North Korean hacking group APT37 uses new information-stealing malware ‘FadeStealer’ containing ‘eavesdropping’ feature, allowing threat actor to spy and record from microphones the victims.

APT37, also known as StarCruft, Reaper or RedEyes, is considered a state-sponsored hacking group with a long history of cyber espionage attacks aligned with North Korean interests. These attacks target North Korean defectors, educational institutions and organizations based in the EU.

In the past, hackers have been known to use custom malware called “Dolphin‘ And ‘M2RAT‘ to execute commands and steal data, credentials and screenshots from connected Windows devices and even mobile phones.

It starts with a CHM file

In a new report from the AhnLab Security Emergency Response Center (ASEC), researchers provide information on new custom malware called “AblyGo backdoor” and “FadeStealer” that threat actors are using in cyber espionage attacks.

The StarCruft Attack Stream
The StarCruft Attack Stream
Source: ASEC

The malware is believed to be delivered using phishing emails with attached archives containing password-protected Word and Hangul Word documents (.docx and .hwp files) and a Windows CHM file “password .chm”.

ASEC believes that the phishing emails ask the recipient to open the CHM file to get the documents password, which triggers the infection process on the Windows device.

Once the CHM file is opened, it displays the assumed password to open the document, but also quietly downloads and runs a remote PowerShell script that contains backdoor functionality and is registered to start automatically with Windows.

This PowerShell backdoor communicates with the attackers’ command and control servers and executes all commands sent by the attackers.

The backdoor is used to deploy an additional GoLang backdoor that is used in later stages of the attack to perform privilege escalation, data theft, and distribution of other malware.

This new backdoor is called “AblyGo backdoor”, because it uses the Ably platforman API service that allows developers to deploy real-time functionality and stream information into their applications.

Threat actors use ABLY as a command and control platform to send base64 encoded commands to the backdoor to execute and then receive any output, where the threat actors later retrieve it.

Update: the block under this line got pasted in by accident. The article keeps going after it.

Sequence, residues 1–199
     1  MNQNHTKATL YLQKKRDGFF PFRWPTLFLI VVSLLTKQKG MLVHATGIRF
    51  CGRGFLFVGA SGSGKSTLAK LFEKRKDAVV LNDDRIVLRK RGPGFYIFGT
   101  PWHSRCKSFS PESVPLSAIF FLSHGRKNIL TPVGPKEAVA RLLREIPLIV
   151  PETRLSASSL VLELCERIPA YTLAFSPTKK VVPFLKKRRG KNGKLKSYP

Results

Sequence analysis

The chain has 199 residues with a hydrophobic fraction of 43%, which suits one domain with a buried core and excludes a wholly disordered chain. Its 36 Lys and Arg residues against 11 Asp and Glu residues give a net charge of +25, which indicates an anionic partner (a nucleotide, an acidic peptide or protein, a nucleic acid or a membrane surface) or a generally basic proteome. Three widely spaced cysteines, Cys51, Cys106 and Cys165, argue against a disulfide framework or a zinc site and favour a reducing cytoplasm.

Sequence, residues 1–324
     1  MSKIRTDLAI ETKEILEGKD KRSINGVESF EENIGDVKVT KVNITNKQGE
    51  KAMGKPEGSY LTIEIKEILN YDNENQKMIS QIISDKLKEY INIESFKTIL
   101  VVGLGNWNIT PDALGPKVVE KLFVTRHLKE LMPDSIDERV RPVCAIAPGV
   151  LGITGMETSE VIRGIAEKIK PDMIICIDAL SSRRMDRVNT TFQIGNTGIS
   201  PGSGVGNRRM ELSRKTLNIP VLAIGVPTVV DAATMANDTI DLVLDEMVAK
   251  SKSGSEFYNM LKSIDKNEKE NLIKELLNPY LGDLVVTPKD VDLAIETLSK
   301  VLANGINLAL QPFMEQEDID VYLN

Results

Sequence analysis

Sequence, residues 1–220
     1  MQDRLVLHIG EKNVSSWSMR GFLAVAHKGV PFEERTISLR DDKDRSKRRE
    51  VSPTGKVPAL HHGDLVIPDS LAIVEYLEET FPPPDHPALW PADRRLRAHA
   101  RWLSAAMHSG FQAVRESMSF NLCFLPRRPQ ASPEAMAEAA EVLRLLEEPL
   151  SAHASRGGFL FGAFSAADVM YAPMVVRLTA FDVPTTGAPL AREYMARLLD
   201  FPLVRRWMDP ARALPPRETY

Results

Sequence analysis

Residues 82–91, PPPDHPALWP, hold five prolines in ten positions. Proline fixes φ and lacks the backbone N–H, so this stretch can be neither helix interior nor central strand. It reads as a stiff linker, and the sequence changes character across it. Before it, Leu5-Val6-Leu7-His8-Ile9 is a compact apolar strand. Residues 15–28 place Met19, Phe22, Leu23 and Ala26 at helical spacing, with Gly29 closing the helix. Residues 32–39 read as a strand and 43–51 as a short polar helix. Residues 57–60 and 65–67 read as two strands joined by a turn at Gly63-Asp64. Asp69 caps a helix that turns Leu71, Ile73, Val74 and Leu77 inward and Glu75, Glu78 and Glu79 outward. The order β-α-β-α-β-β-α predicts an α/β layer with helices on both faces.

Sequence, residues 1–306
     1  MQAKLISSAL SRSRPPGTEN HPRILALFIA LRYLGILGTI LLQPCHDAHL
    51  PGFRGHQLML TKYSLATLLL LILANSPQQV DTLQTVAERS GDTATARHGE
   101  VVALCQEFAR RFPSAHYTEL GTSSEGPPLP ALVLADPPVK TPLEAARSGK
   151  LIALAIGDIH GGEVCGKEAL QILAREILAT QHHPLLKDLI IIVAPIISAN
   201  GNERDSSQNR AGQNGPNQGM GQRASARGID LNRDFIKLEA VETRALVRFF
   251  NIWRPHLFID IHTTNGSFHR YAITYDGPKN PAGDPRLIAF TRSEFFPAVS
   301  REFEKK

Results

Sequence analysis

Since it is a legitimate platform, it is probably used by threat actors to evade network monitoring and security software.

ASEC gained access to the Ably API key used by the backdoor and was able to monitor some of the commands issued by the attackers. These commands illustrated how hackers used the backdoor to list files in a directory, rename a fake .jpg file to an .exe file, and then run it.

However, it is technically possible for the threat actor to send any command they wish to execute.

FadeStealer listens to your device

Ultimately, the backdoors deploy a final payload in the form of “FadeStealer”, an information-stealing malware capable of stealing a wide variety of information from Windows devices.

Once installed, FadeStealer is injected using DLL sideloading into the legitimate Internet Explorer process “ieinstall.exe” and starts stealing data from the device and storing it in RAR archives every 30 minutes.

Data includes screenshots, recorded keystrokes, files collected from connected smartphones and removable devices. The malware also includes the ability to record audio from a connected microphone, allowing threat actors to eavesdrop on conversations.

This data is collected in the following %Temp% folders:

Folder path Exfiltrated data
%temp%\VSTelems_Fade\NgenPdbc Screenshot
%temp%\VSTelems_Fade\NgenPdbk Keylogging
%temp%\VSTelems_Fade\NgenPdbm microphone wiretapping
%temp%\VSTelems_FadeIn Smartphone data collection
%temp%\VSTelems_FadeOut Removable media device

Threat actors can then analyze this collected data to steal sensitive information for use by the North Korean government or carry out other attacks.

APT37 is not the only North Korean player to use CHM files to deploy malware.

ASEC too reported today that the state-sponsored hacking group Kimsuky uses CHM files in phishing attacks to deploy malicious scripts that steal user information and install additional malware.

“If you look at the overall attack flow in this case, the threat actor carried out their attack intelligently and precisely using spear phishing emails to gain access to target systems and using an Ably channel as a command server. and control,” concluded the researchers.

“These kinds of attacks are hard for individuals to notice.”



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